Earlier this week, we did a round-up of the best arguments for and against celebrities and studio subsidiaries on Kickstarter. Though the Braff detractors are especially loud, it seems commentators are split on whether this is a good thing.
The defenses of Braff are perhaps not getting enough play, and Braff and Kickstarter executives took to the Internet this week to explain why the likes of Braff and “Veronica Mars” may actually help other creators on Kickstarter.
The loudest argument against Braff and “Veronica Mars” is that members of the Kickstarter community are being persuaded to donate to these campaigns from more established, successful creators instead of donating to the next unknown genius.
First, let’s remind ourselves of what others have said in defense of Braff and “Veronica Mars”:
Karla Starr on Psychology Today says that this argument from smaller creators is a red herring, that these arguments are motivated by envy and that Braff and “Veronica Mars” do for crowdfunding what Starbucks does to indie coffee shops, it normalizes the practice of donating to projects just as Starbucks normalizes drinking coffee.
Writing on Crooked Timber, John Holbo says that it’s very difficult for creators without social capital to convince people to donate to their projects. For Holbo, too, the argument against Braff and “Veronica Mars” is a red herring.
Here at Indiewire, we started covering crowdfunding campaigns when they were new, then started to just cover more-established creators. Eventually, we were overwhelmed and didn’t know how to give attention to all the campaigns that were looking for coverage. We cover at least four campaigns a week through our Project of the Day column, but we get many more requests for coverage than we can accommodate. The space is crowded, and it’s increasingly difficult to garner attention for your project no matter who you are.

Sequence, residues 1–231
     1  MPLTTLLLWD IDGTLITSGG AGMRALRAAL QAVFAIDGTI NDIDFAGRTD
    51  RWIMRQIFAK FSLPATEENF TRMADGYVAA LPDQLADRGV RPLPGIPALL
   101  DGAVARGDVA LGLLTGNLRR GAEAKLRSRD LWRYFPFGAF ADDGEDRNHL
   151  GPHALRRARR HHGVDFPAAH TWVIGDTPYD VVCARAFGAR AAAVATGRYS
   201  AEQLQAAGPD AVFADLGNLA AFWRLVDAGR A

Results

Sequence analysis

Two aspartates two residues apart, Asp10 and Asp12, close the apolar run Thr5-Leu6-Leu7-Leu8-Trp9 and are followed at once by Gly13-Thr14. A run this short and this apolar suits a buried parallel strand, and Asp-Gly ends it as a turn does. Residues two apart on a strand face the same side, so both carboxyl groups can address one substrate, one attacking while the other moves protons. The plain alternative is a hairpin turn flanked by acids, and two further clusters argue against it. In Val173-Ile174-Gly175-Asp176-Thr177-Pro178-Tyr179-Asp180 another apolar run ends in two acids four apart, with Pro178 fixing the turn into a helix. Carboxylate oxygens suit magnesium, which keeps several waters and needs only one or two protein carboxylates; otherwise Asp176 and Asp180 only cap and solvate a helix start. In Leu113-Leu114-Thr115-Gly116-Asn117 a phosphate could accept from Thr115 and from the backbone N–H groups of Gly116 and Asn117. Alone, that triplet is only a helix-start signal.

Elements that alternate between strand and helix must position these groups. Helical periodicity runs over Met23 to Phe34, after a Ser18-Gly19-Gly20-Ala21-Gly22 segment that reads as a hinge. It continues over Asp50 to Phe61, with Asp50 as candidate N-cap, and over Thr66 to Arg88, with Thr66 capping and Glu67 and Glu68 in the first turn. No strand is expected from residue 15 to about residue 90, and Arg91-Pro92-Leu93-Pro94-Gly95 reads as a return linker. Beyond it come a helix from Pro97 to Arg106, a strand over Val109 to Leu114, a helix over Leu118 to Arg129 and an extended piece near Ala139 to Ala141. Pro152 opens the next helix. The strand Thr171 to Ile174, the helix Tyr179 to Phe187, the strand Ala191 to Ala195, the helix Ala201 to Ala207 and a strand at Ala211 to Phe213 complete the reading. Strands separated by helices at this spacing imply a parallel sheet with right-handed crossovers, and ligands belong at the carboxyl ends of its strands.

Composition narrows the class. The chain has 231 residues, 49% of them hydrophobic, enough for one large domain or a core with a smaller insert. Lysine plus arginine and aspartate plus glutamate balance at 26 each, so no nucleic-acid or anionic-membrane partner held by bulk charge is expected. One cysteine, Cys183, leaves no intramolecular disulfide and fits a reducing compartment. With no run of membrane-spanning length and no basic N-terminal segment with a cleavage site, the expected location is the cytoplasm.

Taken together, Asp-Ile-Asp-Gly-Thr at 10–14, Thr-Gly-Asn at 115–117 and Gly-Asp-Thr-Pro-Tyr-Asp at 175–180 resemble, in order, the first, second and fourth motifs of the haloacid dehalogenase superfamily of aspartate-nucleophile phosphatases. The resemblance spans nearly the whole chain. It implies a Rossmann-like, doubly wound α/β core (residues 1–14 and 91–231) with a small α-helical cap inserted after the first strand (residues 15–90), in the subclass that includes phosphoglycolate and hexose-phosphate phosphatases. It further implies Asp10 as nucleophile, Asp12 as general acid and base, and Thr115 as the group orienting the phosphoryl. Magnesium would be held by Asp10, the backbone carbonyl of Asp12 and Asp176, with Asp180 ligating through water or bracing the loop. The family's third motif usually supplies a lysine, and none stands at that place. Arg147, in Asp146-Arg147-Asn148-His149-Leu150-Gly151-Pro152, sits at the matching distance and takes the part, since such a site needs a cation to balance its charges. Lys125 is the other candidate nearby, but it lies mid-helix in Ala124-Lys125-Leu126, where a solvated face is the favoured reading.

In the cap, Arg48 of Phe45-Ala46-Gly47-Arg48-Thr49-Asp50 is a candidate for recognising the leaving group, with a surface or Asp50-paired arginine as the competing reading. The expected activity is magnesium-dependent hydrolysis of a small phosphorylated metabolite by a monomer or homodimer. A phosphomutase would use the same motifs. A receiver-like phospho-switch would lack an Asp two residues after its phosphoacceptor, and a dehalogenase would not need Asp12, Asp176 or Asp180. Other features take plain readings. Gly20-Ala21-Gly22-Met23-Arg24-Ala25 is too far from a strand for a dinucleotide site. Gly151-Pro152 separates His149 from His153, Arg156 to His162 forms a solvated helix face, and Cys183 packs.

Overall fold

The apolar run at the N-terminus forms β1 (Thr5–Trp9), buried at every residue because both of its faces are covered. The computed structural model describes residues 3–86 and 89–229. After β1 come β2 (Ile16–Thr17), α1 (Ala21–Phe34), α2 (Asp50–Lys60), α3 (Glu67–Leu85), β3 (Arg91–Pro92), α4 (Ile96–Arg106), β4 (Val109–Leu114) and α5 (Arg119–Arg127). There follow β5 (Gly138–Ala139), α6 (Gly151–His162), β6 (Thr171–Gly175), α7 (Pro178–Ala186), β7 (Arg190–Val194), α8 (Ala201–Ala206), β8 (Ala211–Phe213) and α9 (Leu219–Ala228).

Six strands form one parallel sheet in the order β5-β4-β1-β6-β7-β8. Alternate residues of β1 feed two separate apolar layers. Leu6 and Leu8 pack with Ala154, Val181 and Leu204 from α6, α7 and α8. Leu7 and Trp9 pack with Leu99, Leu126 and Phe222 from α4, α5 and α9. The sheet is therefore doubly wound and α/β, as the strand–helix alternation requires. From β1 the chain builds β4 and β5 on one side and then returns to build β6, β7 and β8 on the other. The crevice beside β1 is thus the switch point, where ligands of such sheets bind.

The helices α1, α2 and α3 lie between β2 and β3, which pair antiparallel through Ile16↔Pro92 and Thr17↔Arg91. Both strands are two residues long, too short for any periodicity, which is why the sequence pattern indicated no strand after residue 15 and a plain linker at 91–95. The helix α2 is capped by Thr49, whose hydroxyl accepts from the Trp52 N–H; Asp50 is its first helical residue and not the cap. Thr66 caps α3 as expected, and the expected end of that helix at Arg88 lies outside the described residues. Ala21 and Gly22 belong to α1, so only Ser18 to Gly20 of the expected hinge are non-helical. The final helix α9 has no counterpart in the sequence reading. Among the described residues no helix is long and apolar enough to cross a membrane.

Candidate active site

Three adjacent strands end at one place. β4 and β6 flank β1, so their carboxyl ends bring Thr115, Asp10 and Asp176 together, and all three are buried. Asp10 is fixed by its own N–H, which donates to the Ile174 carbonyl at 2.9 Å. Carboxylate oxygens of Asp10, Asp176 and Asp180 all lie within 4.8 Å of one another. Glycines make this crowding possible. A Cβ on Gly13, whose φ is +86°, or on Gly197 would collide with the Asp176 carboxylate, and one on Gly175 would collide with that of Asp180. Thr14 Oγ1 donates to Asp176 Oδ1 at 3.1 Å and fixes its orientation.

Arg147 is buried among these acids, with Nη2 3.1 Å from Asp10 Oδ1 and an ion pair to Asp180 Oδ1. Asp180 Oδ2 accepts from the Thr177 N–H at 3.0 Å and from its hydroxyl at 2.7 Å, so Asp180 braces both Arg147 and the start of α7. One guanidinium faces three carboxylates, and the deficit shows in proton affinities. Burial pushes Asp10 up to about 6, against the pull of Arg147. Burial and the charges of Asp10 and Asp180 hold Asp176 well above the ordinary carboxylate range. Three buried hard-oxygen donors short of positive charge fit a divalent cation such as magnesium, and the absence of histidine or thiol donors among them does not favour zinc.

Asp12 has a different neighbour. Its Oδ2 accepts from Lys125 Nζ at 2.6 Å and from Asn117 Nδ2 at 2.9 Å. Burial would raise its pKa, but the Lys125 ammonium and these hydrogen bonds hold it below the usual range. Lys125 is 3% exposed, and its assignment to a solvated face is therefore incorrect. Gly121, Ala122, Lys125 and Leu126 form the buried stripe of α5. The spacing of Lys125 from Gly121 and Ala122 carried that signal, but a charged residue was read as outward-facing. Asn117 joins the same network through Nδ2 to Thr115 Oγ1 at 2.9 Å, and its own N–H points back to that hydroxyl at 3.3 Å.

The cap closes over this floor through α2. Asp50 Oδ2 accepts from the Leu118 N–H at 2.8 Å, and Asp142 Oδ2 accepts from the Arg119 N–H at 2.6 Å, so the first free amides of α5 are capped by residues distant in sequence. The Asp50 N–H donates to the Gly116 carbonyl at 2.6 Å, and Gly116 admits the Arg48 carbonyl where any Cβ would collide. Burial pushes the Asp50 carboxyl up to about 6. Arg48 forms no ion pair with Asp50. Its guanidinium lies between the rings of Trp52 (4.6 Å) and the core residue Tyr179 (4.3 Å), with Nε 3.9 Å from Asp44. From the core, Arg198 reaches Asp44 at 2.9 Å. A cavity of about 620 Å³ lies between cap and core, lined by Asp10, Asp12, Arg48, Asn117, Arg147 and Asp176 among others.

Much of the arguments against Braff and “Veronica Mars” rely on an argument about what crowdfunding campaigns are supposed to be for. But the fact that campaigns can be launched for a variety of reasons doesn’t mean that Kickstarter is doing something wrong regulating its site. It seems reasonable that the audience should respond to campaigns that are treating their consumers unfairly. An article on the Toronto Standard, for instance, makes a good argument about the political economy of these two campaigns in particular and how some of the exchanges may be unfair. We covered an instance of the market responding to unfair rewards for donations in the inevitable failure of the Melissa Joan Hart Kickstarter campaign.
Yesterday, Kickstarter execs Perry Chen, Yancey Strickler, and Charles Adler responded to the criticism by writing the post “Who is Kickstarter for?,” which explained how many projects by lesser-known artists got funded by people introduced to crowdfunding by Braff. They also reminded the film and video community that these arguments had been levied before by members of the comics and gaming communities when similar big players set up accounts in those categories (Here’s a post they wrote about those then).
From yesterday’s Kickstarter post:
The Veronica Mars and Zach Braff projects have brought tens of thousands of new people to Kickstarter. 63% of those people had never backed a project before. Thousands of them have since gone on to back other projects, with more than $400,000 pledged to 2,200 projects so far. Nearly 40% of that has gone to other film projects.